Iran regrets Ukraine’s downgrading of ties over drones

Iran regrets Ukraine’s downgrading of ties over drones
Updated 24 September 2022

Iran regrets Ukraine’s downgrading of ties over drones

Iran regrets Ukraine’s downgrading of ties over drones
  • Ukraine said on Friday that it would downgrade diplomatic ties with Iran over Tehran’s decision to supply Russian forces with drones

Iran regrets Ukraine’s decision to downgrade ties over the reported supply of Iranian drones to Russia, the Iranian foreign ministry spokesperson said on Saturday.
Nasser Kanaani said Ukraine should “refrain from being influenced by third parties who seek to destroy relations between the two countries,” a ministry statement said.
Ukraine said on Friday that it would downgrade diplomatic ties with Iran over Tehran’s decision to supply Russian forces with drones, a move President Volodymyr Zelensky called “a collaboration with evil.”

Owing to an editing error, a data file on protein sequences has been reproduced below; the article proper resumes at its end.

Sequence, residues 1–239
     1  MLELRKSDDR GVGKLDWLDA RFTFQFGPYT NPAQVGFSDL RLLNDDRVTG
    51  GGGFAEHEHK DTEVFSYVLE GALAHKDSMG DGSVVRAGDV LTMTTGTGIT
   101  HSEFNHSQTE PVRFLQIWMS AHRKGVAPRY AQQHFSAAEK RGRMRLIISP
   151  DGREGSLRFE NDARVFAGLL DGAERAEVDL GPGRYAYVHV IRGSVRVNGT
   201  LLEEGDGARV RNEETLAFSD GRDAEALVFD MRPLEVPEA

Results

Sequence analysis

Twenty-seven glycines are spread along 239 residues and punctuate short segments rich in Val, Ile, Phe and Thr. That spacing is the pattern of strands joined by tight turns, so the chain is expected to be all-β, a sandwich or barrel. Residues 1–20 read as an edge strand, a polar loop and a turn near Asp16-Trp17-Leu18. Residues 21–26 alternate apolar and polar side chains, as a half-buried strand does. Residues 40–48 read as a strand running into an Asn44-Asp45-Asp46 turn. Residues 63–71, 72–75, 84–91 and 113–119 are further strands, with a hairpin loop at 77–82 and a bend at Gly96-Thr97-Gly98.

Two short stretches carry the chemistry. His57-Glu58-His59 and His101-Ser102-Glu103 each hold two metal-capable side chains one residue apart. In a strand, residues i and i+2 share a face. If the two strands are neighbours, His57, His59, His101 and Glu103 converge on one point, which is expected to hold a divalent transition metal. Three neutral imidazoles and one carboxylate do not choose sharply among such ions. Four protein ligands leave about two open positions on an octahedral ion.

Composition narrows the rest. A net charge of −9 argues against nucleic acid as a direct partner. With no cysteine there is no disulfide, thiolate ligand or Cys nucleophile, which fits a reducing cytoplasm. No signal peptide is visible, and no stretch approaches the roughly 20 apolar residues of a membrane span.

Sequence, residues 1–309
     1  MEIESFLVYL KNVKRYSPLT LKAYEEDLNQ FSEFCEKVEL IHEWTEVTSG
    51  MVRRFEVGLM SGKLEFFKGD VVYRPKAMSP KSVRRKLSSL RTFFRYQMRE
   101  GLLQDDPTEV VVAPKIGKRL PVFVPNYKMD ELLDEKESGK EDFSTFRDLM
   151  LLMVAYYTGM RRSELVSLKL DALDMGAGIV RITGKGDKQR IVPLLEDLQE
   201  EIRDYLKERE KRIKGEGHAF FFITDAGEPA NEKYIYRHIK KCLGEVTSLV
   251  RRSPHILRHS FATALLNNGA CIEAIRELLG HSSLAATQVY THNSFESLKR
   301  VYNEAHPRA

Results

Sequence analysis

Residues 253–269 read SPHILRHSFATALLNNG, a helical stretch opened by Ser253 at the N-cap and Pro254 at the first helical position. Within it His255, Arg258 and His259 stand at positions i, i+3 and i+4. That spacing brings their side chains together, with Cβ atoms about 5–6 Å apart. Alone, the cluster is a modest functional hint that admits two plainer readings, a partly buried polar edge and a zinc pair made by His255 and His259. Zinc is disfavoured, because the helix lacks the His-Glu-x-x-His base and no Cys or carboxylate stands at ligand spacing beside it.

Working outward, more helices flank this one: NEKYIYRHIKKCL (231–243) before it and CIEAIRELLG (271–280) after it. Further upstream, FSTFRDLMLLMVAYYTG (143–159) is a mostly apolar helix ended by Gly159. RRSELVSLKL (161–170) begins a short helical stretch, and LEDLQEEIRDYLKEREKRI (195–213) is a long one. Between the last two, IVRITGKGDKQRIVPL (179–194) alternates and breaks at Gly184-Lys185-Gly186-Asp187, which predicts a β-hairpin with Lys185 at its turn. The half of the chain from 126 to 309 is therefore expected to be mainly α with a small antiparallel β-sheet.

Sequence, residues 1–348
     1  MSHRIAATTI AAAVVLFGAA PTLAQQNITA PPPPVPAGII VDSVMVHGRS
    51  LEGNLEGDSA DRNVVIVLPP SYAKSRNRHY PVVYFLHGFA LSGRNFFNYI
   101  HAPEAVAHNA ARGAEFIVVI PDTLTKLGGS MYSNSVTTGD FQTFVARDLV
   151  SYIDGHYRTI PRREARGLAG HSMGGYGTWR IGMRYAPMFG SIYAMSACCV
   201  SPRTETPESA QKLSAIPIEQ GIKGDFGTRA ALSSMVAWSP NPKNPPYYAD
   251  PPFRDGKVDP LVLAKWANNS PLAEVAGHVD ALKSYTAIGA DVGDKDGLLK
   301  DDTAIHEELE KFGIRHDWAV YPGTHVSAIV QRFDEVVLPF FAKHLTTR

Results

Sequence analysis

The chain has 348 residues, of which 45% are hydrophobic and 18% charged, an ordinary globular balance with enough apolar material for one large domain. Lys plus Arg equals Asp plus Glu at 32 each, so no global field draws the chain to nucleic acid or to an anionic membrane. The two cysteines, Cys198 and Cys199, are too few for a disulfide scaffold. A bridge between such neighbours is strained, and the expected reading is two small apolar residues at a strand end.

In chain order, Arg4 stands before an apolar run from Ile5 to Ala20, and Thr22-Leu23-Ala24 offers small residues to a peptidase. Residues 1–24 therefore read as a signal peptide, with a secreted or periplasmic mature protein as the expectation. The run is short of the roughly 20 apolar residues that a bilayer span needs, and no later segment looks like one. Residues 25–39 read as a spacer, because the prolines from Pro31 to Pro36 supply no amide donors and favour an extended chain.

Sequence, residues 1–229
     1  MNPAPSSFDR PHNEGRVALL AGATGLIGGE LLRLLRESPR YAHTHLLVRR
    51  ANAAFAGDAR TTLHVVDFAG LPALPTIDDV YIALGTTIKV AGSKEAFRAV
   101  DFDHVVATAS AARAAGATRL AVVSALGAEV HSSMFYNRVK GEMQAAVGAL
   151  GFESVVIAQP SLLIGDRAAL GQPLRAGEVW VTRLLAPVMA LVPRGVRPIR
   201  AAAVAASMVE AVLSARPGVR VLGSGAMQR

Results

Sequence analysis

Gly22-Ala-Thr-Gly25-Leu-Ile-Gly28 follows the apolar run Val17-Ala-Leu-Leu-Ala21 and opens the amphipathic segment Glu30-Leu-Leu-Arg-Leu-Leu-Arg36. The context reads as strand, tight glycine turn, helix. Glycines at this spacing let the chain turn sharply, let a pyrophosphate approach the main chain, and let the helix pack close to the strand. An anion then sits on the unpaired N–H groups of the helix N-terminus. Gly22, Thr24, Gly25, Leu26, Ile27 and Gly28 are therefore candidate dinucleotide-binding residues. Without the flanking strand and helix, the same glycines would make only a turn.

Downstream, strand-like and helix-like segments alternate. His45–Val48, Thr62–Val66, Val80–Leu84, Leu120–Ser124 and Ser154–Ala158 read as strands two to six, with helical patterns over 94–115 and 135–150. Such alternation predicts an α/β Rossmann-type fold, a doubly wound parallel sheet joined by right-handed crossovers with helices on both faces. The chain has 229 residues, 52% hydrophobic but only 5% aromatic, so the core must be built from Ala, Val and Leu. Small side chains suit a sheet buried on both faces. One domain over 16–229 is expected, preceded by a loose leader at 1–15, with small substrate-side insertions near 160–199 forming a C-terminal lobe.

Kanaani said Ukraine’s decision was “based on unconfirmed reports and resulted from a media hype by foreign parties.”
Military authorities in southern Ukraine said on Saturday they had shot down at least seven Iranian drones, including six Shahed-136 “kamikaze” craft over the sea near the ports of Odesa and Pivdennyi on Friday.
These included — for the first time in Ukraine — a MoHajjer-6, a larger Iranian drone, the southern military command said.
Ukrainian presidential adviser Mykhailo Podolyak said in an English language tweet on Saturday that Iran was supporting Russia “by giving modern drones to (a) backward country for the murders of Ukrainians.”